Sit-in for divestment by president’s office hits one-week mark
Rare MIT student protest follows release of Institute’s climate plan
CLARIFICATION TO THIS ARTICLE: A previous version of this article failed to properly contextualize a quotation. Daniel Mascoop's statement that "the business model of these companies needs to be to eliminate themselves" was in reference to coal and tar sands companies, not fossil fuel companies in general.
Members of student group Fossil Free MIT are staging a sit-in outside of President L. Rafael Reif’s office in protest of what they see as inadequacies in MIT’s climate action plan.
The sit-in has been ongoing since Oct. 22, the day after MIT’s “Plan for Action on Climate Change” was made public, and two to 12 students have been present outside 3-208 around the clock.
On Monday, members of Fossil Free MIT (FFMIT) met to discuss the goals of their sit-in. Prior to the strategy meeting, the group had still been formulating its demands.
The main objectives of FFMIT’s protest include divesting from coal and tar sands companies, establishing an ethics advisory committee, and committing to achieve carbon neutrality on campus by 2040 at the latest.
“We are sitting-in to urge MIT’s administration to raise their ambitions,” the group wrote in a letter published in this issue of The Tech.
Outside Reif’s office, students participating in the sit-in have been working on problem sets, listening to music, and speaking with passers-by. During an interview, a Bertucci’s delivery man showed up with pizza and rolls.
Different participants in the sit-in highlighted different goals for MIT’s climate plan.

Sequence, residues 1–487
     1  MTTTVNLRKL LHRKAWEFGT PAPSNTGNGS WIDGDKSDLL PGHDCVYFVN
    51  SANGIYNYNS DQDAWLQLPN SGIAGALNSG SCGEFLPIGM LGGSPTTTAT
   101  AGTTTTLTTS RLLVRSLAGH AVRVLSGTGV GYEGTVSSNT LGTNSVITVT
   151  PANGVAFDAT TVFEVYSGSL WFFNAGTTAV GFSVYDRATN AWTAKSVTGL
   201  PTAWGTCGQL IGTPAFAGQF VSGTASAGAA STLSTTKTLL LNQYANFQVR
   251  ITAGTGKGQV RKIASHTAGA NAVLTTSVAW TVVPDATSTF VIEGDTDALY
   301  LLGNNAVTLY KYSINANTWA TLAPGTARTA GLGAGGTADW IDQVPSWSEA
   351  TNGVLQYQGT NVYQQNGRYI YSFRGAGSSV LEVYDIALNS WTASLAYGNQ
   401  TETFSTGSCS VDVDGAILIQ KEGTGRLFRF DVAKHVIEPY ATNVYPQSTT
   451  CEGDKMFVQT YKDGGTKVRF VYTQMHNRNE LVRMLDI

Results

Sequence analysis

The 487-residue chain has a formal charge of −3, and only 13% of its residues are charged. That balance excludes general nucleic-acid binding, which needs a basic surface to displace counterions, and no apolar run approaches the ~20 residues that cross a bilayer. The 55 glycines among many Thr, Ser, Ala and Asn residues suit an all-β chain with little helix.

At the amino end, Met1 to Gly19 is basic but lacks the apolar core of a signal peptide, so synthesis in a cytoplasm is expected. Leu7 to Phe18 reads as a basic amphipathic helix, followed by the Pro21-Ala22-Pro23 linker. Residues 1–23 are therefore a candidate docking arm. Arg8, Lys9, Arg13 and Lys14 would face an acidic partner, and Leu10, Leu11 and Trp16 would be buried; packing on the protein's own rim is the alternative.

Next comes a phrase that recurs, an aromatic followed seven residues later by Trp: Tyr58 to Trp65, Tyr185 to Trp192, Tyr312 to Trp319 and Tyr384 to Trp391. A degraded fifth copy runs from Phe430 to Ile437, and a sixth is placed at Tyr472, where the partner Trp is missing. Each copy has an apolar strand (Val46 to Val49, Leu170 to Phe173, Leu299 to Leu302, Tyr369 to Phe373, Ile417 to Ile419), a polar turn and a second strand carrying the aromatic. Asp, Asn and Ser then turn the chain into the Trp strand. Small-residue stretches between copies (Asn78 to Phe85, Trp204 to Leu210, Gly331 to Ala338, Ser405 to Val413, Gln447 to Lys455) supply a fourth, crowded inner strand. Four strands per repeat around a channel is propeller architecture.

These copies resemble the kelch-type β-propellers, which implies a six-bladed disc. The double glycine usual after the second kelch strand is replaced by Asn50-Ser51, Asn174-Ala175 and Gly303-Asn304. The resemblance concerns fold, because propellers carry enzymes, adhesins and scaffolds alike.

Jeremy Poindexter G, a student at the sit-in, hoped that MIT would take on a role of “visible leadership.” Another student wanted to see a “better climate action plan,” arguing that the current one “misses the obstacles to implementation” of existing technologies to mitigate climate change.
“If I have a free moment, I’m here,” Daniel Mascoop ’16, a student participating in the sit-in, said. “If I’m doing work and it’s on a laptop, or if I have an hour break between classes, I’m here.”
Nina Lytton ’84, an alumna from the Sloan School, also participated in the sit-in. Lytton said the shortfalls of the plan were the results of “a failure of understanding between well-meaning people.”
Stressing the importance of collaboration, she said that negotiating a better climate plan should be “like interfaith work,” and that to be successful, you have to “know the people and understand what they value.”
Different assumptions, different outcomes
According to FFMIT’s letter, “the bottleneck to effective climate mitigation is no longer technological capability or policy know-how, but political will.” Divestment makes sense, then, as it would “create political breathing room” for politicians to enact legislation to limit warming to 2 degrees Celsius. Divestment would accomplish this by limiting the influence of fossil fuel companies, which the letter claims, “[spend] hundreds of billions of dollars each year searching for unburnable hydrocarbons, hundreds of millions lobbying against renewable energy legislation, and unknown millions on disinformation tactics that continue even to this day.”
On the other hand, top MIT officials said last week that they see industry engagement as key to tackling climate change.